Volatility is back to stay and how that sits with traders just depends on who you ask. The no-action Federal Reserve has a lot to do with market gyrations but so does Friday’s “quadruple witching” expiration, which tends to jack up volatility and volume.
On Thursday, Fed members, by a 9-to-1 vote, refrained from the first interest rate hike in nearly 10 years. But they kept alive market speculation that a rate hike is on the table for either (or both) of the Fed’s remaining 2015 meetings, one in October and one in December.
That may be too wiggly for a Wall Street hungry for clarity. The Fed’s acknowledgement of global growth concerns—especially surrounding China—also likely keeps financial markets on high alert that conditions could get worse, not better. Stocks traded defensively in reaction to the Fed’s update, with financial shares especially hard hit as they need higher rates to improve loan margins.
Said Fed Chair Janet Yellen: “So as I’ve said before, every meeting is a live meeting where the committee can make a decision to move to change our target for the federal funds rate. That certainly includes October …”
Whether the Fed raises interest rates this year or next, there's little doubt that stock volatility could remain elevated the rest of the year. And what I mean by "elevated" is the CBOE Volatility Index—the VIX—would run closer to its historical norm near 20.
A 20 reading, which had been the long-running threshold that divided relatively calm markets from highly volatile markets, will feel elevated simply because VIX had been uncommonly low. Remember, VIX ran well below 15 for much of this year (figure 1), and flirted with a dip below 12, before the August pullback for stocks.
The Fed chief herself felt compelled to speak to market volatility and its impact in slowing the Fed’s rate-hiking campaign. From her press conference: “I think developments that we saw in financial markets in August in part reflected concerns that there was downside risk to Chinese economic performance and perhaps concerns about the gaps where policymakers were addressing those concerns, in addition we saw a very substantial downward pressure on oil prices in commodity markets. And those developments have had a significant impact on many emerging market economies that are important producers of commodities as well as more advanced countries including Canada which is an important trading partner of ours that’s been negatively affected by declining commodity prices, declining energy prices.”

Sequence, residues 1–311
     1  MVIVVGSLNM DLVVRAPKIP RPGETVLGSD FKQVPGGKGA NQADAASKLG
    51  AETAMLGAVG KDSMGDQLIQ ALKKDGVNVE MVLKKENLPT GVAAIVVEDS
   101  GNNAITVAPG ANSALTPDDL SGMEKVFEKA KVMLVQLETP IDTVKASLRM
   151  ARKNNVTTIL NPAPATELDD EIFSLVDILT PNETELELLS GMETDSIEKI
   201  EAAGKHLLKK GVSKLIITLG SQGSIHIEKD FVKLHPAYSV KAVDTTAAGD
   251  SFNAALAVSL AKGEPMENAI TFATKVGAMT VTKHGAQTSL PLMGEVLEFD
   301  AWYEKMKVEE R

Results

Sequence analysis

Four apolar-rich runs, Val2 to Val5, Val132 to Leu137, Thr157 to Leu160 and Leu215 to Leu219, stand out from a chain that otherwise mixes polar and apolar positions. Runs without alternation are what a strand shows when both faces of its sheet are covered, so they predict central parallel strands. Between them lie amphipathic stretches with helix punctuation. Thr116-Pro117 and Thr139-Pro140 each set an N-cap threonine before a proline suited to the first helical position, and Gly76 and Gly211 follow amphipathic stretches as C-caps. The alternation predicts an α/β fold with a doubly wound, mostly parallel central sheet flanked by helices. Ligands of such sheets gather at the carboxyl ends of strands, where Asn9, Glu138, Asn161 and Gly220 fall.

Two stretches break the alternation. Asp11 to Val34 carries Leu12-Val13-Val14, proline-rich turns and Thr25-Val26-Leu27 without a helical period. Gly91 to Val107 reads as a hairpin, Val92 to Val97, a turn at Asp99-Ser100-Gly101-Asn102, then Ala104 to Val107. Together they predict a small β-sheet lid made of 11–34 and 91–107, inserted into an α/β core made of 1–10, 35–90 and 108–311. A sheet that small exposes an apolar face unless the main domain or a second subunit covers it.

This tells us that commodities prices, and their impact on global growth, will be a key area to watch as we all try to access the timing and pace with which the Fed hopes to finally remove the “emergency” monetary policy that pulled the U.S. out of recession.
Witch’s Brew. Witching Friday will stir the pot as well. Friday features the expiration of various stock-index futures, stock-index options, stock options, and single-stock futures. Big expiration-related moves by big players tend to touch the broader market, so be aware.
Buck Slumps. The U.S. dollar extended losses against other major currencies on Friday, weakening in the wake of the Fed’s decision to stand pat on interest rates. The ICE Dollar Index (DXY), which measures the dollar against a basket of currencies, was trading at 94.224, on track for its lowest close since August 25.
An Apple Win. For anyone paying attention to the micro picture, Apple (AAPL) won a patent ruling in a case against Samsung Electronics. A federal appeals court ruled on Thursday that the iPhone maker was entitled to an injunction barring its mobile-hardware rival from using specific phone features that the case alleged violated Apple’s patents. The news was not an immediate score for AAPL shares, however, which fell initially. Separately, iPhone unit shipments will be boosted in the December quarter by a calendar shift that should add 2 to 2.5 million units to the total, RBC Capital Markets said in a note.
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